The Halloween season kicks off in Japan this week with the festivities beginning at Tokyo Disneyland and Tokyo DisneySea where parades and other events will be held until Oct 31.
Disney's annual festival, which starts on Friday, includes Mickey Mouse and his friends joining ghost and skeleton "stars" in entertaining guests with a variety of amusing and exciting musical performances in "Halloween Pop'n LIVE," presented along the parade route. Along the streets of World Bazaar, cobwebs and jack-o'-lanterns and other Halloween decorations will be set up, raising the Halloween mood even more. Again this year, Westernland, Fantasyland and Toontown will be decorated with pumpkins, ghosts and more for a lively and cheerful atmosphere.
Universal Studios Japan in Osaka will also start its Halloween events from Friday and extend them until Nov 6. The all-new, chilling J-Horror Area has interactive mazes crawling with cold-blooded ghouls in pursuit of wandering guests. At night, the theme park will be converted into a zombie-infested city (there will be some "safe" areas) as a part of the Halloween Horror Nights event. During the day, there will be Halloween parties and parades.
Meanwhile, many retailers have already started selling Halloween merchandise, among them Toys 'R' Us, Tokyu Hands and Loft.
In recent years, Halloween has exploded in popularity (propelled by social media) and is now the second most popular "imported" festive season in Japan after Christmas which remains far ahead in terms of merchandising and consumption.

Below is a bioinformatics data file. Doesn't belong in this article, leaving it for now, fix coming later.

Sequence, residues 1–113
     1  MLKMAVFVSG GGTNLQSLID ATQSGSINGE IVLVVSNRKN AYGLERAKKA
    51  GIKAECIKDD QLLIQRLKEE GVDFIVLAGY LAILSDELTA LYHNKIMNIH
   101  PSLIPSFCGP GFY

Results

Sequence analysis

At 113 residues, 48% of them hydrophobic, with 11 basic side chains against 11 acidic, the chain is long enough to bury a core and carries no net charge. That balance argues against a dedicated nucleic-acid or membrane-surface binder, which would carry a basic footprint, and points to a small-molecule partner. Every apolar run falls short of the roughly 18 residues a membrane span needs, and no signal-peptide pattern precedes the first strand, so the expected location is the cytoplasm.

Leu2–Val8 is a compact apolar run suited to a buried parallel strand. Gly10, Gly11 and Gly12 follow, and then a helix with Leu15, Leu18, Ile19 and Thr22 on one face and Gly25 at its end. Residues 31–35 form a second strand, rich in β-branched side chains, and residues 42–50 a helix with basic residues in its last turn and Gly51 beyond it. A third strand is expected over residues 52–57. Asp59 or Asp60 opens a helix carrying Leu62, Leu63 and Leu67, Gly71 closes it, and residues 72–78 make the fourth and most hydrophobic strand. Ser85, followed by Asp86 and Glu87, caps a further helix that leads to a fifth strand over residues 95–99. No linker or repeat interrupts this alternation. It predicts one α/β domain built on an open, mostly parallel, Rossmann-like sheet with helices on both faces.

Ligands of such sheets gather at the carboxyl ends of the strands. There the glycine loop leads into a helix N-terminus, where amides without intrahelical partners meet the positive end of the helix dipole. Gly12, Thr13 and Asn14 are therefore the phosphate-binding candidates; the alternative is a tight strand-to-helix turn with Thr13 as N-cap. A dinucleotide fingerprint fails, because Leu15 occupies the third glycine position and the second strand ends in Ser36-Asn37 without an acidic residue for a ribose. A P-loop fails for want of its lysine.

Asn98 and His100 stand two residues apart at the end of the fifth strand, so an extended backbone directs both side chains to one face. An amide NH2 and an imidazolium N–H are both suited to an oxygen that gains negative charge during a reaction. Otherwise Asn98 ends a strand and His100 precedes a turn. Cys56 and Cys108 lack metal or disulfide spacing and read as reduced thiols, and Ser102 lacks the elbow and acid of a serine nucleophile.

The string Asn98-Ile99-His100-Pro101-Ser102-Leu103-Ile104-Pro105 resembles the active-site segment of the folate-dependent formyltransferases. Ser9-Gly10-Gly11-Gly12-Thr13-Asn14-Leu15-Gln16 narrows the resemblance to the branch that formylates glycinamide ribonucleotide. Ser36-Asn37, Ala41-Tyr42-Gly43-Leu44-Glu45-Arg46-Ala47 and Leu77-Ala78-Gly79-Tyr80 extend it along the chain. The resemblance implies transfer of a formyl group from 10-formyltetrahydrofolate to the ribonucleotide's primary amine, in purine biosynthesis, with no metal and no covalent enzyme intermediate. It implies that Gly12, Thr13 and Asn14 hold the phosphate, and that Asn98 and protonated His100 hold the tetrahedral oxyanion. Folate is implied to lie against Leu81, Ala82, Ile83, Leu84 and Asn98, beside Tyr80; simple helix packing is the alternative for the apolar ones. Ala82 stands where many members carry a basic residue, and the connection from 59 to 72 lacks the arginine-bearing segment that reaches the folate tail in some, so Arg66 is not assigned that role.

Besides confectionery makers rolling out Halloween-themed goodies, restaurants preparing Halloween-inspired menus, fashion outlets retailing Halloween-related costumes and accessories, and entertainment facilities going all out with Halloween events, Japanese people love getting dressed up to take part in Halloween parades which attract tens of thousands of fans in Kawasaki and Harajuku.
If you are on the streets of Tokyo's Roppongi or at the famous Shibuya scramble crossing on the night of Oct 31, you will be in for an eye-opening experience. Japanese in costumes mass on the streets, not going anywhere in particular. There is no trick or treating, either. The whole celebration is more like a big cosplay festival.
source by japantoday